Although it seems like much longer ago, two years have passed since President Obama’s reelection victory over Governor Romney, which means that the midterm elections are almost here. As we move into September, the campaigns for Senate and House races are kicking into full gear, and although Congress has achieved little in the past two years, a lot is at stake in November.
One of the most important factors in these midterm elections is Obama’s unpopularity. Since last November, the percentage of Americans disapproving of Obama’s job in office has been about 10 points greater than those approving. This will drag down Democrats in both the House and the Senate, especially as voters fatigue of having a Democrat in the White House for six straight years – this midterm effect is well documented in political science and holds well as a general rule.
At the moment, the Republicans hold a 233-199 majority in the House (with 3 vacancies). This majority is in little danger, and with the imminent retirement of a number of conservative Democrats in strongly Republican-leaning districts compounding Obama’s poor job approval numbers, Republicans should add to their numbers in the House.
The more interesting races will happen in the Senate, where Democrats currently hold a 55-45 advantage. There are a number of seats held by Democrats in Republican-leaning states that will be fiercely contested, meaning that control of the chamber could very well shift to the Republicans. In the cases of West Virginia, Montana, and South Dakota, where the incumbent Democrats are retiring, polling shows that Democrats have little to no chance of winning those seats. That leaves eleven races that could reasonably be won by either side, eight of which are currently held by Democrats: New Hampshire, Colorado, Michigan, Iowa, Alaska, North Carolina, Louisiana, Arkansas, Georgia, Kentucky, and Kansas.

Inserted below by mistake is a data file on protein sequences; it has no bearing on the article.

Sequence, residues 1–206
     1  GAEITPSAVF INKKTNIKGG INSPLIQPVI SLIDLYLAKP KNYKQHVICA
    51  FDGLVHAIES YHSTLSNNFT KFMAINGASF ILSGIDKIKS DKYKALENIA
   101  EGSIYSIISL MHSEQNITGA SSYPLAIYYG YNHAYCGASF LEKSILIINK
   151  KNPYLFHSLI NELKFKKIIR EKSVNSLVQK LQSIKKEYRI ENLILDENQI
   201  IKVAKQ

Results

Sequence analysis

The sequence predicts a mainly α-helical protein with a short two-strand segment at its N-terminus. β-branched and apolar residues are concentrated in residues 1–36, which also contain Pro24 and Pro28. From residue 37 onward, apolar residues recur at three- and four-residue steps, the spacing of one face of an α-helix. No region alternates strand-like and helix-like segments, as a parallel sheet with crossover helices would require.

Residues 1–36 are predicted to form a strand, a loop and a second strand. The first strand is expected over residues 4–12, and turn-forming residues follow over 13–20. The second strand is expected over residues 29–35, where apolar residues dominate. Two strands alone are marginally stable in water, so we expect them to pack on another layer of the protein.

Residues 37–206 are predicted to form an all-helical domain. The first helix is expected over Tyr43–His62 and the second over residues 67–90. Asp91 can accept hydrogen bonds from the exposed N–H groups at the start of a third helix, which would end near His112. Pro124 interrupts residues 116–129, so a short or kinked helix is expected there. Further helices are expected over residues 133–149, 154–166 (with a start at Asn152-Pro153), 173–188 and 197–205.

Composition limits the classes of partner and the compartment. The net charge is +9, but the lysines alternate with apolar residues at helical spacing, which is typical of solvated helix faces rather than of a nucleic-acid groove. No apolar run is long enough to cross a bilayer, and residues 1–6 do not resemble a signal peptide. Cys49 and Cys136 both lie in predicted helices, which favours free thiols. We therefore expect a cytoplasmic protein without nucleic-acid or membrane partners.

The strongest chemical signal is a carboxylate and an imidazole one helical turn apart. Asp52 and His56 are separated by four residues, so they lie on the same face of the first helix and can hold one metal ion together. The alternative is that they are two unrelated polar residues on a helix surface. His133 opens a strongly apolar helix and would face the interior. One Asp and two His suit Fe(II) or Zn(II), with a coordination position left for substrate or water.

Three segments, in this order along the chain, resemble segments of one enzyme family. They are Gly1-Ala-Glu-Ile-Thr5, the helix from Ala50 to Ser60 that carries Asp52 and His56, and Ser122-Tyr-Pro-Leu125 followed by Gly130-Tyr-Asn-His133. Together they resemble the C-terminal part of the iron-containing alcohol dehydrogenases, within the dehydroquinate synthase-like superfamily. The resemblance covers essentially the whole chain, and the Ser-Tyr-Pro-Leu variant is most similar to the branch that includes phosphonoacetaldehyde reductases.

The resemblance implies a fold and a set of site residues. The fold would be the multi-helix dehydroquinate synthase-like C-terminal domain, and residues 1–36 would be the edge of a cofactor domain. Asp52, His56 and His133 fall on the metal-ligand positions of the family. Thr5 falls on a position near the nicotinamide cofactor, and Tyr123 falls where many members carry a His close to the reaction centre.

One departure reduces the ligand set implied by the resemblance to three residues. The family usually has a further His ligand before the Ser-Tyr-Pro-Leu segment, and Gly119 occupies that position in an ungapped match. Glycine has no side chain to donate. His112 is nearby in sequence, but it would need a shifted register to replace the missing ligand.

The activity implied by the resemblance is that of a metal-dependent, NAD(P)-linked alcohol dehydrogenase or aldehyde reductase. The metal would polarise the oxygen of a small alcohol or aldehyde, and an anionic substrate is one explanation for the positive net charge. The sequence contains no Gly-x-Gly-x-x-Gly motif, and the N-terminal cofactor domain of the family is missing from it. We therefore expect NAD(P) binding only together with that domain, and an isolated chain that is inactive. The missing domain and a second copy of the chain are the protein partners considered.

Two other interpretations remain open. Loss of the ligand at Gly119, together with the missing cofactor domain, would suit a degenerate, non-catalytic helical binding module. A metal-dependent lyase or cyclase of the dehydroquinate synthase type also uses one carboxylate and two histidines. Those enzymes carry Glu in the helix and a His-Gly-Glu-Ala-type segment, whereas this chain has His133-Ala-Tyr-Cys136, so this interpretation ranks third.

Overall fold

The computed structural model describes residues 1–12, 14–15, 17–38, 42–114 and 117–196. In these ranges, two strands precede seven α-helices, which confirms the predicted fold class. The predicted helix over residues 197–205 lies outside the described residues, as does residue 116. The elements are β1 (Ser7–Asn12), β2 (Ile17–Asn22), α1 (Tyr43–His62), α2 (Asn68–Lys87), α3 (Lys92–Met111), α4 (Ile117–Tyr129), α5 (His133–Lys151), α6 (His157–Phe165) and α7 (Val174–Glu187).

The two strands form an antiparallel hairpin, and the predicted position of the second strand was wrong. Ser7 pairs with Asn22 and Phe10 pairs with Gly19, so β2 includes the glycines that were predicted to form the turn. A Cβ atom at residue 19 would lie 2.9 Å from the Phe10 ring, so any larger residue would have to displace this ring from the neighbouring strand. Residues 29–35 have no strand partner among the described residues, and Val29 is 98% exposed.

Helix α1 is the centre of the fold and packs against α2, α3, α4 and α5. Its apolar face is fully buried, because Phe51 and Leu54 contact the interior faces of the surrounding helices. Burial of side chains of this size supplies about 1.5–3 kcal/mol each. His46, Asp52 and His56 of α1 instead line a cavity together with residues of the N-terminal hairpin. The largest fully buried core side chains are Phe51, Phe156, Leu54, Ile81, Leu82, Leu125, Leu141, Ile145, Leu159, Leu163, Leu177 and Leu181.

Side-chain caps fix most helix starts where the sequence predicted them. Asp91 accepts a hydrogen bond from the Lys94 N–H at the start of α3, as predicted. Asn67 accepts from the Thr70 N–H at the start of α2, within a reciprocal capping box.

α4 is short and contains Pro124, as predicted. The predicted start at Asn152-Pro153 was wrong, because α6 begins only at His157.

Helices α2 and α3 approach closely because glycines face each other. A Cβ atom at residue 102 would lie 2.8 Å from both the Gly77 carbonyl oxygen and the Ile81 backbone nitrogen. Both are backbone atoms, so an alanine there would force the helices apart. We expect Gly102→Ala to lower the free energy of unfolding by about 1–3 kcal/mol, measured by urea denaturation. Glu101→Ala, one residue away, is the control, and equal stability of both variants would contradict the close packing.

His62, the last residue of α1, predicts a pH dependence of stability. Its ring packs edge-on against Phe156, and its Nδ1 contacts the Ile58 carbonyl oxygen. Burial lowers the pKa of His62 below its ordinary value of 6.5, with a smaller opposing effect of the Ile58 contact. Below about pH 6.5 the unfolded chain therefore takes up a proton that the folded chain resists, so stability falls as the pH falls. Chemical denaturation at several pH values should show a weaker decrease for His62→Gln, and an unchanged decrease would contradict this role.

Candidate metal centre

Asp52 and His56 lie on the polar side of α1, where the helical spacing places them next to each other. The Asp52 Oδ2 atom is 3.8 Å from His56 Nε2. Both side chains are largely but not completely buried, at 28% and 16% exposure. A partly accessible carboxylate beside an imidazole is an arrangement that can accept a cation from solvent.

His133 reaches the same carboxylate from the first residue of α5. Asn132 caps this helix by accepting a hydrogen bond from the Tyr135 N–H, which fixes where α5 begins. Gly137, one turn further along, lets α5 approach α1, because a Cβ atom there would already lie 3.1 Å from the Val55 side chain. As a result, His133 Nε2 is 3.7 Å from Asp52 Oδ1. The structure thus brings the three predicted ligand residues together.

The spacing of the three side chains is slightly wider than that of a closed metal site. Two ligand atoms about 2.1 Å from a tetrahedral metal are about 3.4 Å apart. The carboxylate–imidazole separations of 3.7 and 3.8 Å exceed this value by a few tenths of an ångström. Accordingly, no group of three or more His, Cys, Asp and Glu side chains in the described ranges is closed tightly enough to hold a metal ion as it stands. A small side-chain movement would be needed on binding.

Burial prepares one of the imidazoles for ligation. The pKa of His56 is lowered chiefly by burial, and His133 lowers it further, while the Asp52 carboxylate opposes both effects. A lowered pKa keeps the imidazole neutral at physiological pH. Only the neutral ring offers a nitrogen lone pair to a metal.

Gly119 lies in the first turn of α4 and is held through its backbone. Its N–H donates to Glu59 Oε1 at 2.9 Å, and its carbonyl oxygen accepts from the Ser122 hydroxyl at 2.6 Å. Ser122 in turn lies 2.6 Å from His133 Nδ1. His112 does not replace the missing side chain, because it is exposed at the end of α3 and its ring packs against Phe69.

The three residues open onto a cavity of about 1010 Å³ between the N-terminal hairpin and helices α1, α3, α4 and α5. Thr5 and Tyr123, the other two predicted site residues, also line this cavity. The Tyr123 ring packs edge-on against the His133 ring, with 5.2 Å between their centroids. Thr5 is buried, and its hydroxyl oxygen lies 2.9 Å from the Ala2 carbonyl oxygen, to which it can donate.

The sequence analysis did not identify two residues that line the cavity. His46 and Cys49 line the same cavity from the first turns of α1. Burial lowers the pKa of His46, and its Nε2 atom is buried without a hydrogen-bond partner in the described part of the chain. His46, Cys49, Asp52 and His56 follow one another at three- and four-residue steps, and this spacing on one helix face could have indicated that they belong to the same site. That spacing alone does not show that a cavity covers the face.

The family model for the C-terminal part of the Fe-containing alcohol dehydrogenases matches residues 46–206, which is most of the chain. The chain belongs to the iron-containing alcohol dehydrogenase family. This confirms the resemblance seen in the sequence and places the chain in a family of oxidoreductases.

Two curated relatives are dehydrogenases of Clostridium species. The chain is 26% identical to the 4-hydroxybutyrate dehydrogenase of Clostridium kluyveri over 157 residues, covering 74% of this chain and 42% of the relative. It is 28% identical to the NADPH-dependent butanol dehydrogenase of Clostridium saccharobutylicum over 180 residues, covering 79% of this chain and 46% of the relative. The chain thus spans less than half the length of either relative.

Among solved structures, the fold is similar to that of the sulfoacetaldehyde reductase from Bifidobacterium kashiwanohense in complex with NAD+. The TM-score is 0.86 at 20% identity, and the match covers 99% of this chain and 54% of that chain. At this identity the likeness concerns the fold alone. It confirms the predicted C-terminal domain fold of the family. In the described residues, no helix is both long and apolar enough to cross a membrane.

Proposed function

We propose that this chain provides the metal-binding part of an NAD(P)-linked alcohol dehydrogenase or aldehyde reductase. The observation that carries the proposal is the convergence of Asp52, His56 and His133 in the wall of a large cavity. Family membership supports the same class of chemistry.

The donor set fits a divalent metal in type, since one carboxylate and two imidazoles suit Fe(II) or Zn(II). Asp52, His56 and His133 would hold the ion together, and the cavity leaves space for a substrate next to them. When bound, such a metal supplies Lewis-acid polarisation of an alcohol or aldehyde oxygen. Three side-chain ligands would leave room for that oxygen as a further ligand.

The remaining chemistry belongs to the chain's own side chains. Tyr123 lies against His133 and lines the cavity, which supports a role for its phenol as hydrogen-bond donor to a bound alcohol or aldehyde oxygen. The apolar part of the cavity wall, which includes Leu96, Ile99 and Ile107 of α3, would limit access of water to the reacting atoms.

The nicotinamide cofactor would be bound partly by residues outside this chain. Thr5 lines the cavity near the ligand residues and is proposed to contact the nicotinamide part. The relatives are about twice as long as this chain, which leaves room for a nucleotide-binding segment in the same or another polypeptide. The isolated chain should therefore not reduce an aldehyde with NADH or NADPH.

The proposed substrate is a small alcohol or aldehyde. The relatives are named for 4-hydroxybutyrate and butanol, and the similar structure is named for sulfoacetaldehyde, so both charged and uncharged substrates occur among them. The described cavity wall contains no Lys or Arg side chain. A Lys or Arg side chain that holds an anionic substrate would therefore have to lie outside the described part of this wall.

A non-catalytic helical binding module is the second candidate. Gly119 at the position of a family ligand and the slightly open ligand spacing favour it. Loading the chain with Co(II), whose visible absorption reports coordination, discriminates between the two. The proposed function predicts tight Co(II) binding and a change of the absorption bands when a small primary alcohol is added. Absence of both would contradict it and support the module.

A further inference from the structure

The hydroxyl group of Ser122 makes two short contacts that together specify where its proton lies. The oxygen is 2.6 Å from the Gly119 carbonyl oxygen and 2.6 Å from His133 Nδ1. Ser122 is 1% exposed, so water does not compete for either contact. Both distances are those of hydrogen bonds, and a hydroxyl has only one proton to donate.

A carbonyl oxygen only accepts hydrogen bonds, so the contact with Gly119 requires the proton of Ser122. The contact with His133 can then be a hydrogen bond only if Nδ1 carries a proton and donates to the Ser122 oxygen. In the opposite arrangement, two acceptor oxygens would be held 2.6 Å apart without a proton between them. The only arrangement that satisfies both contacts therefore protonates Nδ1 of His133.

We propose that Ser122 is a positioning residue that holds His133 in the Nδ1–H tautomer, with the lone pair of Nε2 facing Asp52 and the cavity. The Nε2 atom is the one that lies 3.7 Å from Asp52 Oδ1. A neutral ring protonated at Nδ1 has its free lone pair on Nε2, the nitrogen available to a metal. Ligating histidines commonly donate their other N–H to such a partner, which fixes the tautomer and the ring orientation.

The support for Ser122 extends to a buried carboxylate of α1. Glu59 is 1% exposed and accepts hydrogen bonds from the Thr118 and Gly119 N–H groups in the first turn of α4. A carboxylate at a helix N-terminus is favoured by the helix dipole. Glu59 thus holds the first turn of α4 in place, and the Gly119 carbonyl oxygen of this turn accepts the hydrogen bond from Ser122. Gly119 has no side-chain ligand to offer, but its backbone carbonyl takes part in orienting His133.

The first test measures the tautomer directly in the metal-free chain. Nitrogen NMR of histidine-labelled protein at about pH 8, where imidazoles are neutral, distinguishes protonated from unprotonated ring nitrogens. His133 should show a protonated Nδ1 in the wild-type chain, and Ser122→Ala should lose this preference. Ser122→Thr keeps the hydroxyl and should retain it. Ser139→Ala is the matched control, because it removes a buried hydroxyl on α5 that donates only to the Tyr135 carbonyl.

New Hampshire, Colorado, Michigan, and Iowa are all states won by Obama in 2012. Yet both New Hampshire and Colorado and swing states at the national level and although the incumbents are currently favored, strong Republican candidates Scott Brown, the former Senator from Massachusetts, and Rep. Cory Gardner have the potential to gain an upper hand if the political climate turns further against the Democrats. In Michigan and Iowa, the incumbent Democrats are retiring, and while the Gary Peters (D) is clearly favored in Michigan right now, Iowa is much closer (in part due to Bruce Braley’s (D) “farmer gaffe”). Democrats are slightly favored to win each of these seats, but if Democrats lose any of these four races, there is a good chance that they have already lost the Senate.